In 1968 New York City - when being gay was still considered to be best kept behind closed doors - a group of friends gather for a raucous birthday party hosted by Michael (Jim Parsons), a screenwriter who spends and drinks too much, in honor of the sharp-dressed and sharp-tongued Harold (Zachary Quinto). Other partygoers include Donald (Matt Bomer), Michael's former flame, now mired in self-analysis; Larry (Andrew Rannells), a randy commercial artist living with Hank (Tuc Watkins), a school teacher who has just left his wife; Bernard (Michael Benjamin Washington), a librarian tiptoeing around fraught codes of friendship alongside Emory (Robin de Jesús), a decorator who never holds back; and a guileless hustler (Charlie Carver) hired to be Harold's gift for the night. What begins as an evening of drinks and laughs gets upended when Alan (Brian Hutchison), Michael's straight-laced college roommate, shows up unexpectedly and each man is challenged to confront long-buried truths that ...
Did You Know?
In "The Boys in the Band: Something Personal," a behind-the-scenes making-of documentary that accompanied the release of the 2020 film version of Boys in the Band on Netflix, playwright Mart Crowley says that he originally based the character of Harold on his close friend Howard Jeffrey, who was a dancer and choreographer in movies including Funny Girl, Hello, Dolly!, Willy Wonka and the Chocolate Factory, and The Turning Point. Jeffrey was the dance coach for Natalie Wood during the filming of West Side Story; that is where he met Crowley, who was working as Wood's personal assistant. Crowley dedicated the original 1968 play to Jeffrey, who died of AIDS in 1988 at the age of 52. In the documentary, Crowley says, "Howard was, as [Harold] is in the play, the truth-teller, the demolisher of all pretension. And Howard could always read me that way, and not let me get away with anything. I resented that at times, bitterly, and we had many fights about a lot of things. But in retrospect, I learned more from him about myself than I did from anybody." Crowley also clarifies, "I would say, pretty much, that Michael, the lead in the play, is based on me." See more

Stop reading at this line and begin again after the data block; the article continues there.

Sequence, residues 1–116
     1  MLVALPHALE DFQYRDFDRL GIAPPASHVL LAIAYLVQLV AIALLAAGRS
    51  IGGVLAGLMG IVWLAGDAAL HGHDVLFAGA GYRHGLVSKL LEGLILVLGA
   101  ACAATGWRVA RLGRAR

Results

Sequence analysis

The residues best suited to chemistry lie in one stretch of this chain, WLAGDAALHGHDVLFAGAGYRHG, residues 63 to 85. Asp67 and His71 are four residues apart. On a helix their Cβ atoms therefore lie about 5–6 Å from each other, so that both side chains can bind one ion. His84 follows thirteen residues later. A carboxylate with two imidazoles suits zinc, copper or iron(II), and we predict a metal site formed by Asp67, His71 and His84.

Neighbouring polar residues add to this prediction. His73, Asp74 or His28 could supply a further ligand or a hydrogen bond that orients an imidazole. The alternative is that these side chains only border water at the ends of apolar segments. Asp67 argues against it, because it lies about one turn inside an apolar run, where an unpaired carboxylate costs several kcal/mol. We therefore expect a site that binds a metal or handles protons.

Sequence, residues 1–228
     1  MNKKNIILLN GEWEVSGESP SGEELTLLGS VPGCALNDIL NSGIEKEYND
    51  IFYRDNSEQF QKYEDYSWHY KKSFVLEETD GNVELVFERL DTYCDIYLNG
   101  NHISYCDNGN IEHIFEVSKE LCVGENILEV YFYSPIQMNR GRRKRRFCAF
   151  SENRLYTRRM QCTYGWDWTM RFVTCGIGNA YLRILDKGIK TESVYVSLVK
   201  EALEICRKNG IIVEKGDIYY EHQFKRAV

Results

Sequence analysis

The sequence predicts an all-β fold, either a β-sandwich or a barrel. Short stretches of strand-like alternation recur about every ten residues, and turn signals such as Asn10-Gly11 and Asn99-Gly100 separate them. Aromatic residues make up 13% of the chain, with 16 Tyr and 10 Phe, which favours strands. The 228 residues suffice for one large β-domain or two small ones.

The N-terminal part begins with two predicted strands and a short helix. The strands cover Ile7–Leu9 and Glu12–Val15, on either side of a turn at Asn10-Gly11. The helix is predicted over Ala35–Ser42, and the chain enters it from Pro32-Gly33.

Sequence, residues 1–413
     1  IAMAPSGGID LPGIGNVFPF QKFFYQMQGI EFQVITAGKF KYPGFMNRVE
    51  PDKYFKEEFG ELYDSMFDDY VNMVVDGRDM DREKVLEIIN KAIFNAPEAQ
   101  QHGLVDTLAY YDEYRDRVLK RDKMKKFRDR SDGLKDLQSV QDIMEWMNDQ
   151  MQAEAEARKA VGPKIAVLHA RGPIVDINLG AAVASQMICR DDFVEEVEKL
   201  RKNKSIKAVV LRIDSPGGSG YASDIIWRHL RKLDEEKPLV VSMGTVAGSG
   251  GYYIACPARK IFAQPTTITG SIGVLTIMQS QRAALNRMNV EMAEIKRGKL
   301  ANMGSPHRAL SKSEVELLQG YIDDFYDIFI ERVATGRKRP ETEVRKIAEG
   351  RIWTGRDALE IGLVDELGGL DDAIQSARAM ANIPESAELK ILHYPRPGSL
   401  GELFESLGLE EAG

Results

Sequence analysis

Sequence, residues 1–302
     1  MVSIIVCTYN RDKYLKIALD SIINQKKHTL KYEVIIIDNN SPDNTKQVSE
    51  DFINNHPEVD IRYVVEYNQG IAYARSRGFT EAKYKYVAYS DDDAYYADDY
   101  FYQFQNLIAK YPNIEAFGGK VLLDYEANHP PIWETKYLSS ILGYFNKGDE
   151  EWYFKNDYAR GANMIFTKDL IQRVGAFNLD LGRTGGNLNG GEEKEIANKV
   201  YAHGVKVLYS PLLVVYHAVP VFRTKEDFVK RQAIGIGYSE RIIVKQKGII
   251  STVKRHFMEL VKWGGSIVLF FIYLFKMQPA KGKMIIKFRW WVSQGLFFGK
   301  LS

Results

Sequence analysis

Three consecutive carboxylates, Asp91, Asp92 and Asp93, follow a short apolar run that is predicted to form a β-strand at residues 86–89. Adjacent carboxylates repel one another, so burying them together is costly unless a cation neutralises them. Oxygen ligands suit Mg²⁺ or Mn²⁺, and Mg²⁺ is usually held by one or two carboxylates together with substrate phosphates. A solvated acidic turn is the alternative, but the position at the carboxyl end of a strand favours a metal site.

Michael goes to the Midnight Mass and does not genuflect when he enters the pew. See more
What I am Michael, is an ugly pockmarked Jew fairy, and if it takes me a little while ro pull myself together, and if I smoke a little grass before I can get up the nerve to show this face to the world, then it's nobody's goddamn business but my own.
Written by Harold Arlen
and Ted Koehler
Performed by Jim Parsons See more